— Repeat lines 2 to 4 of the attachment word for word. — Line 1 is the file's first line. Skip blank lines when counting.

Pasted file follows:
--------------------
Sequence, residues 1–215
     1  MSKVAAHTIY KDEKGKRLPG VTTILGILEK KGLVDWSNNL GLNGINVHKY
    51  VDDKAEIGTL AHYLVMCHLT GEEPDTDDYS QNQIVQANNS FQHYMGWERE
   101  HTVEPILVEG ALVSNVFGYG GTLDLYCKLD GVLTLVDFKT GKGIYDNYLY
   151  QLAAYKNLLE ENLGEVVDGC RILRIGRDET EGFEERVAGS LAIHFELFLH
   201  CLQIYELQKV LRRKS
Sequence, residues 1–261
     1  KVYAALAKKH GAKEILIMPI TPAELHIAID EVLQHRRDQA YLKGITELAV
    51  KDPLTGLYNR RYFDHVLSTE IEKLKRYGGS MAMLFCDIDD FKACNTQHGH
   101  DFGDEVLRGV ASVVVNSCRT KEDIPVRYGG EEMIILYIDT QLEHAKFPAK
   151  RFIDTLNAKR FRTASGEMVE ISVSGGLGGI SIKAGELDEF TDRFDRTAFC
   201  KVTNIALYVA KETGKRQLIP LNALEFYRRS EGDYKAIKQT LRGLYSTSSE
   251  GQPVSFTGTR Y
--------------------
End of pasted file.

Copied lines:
     1  MSKVAAHTIY KDEKGKRLPG VTTILGILEK KGLVDWSNNL GLNGINVHKY
    51  VDDKAEIGTL AHYLVMCHLT GEEPDTDDYS QNQIVQANNS FQHYMGWERE
   101  HTVEPILVEG ALVSNVFGYG GTLDLYCKLD GVLTLVDFKT GKGIYDNYLY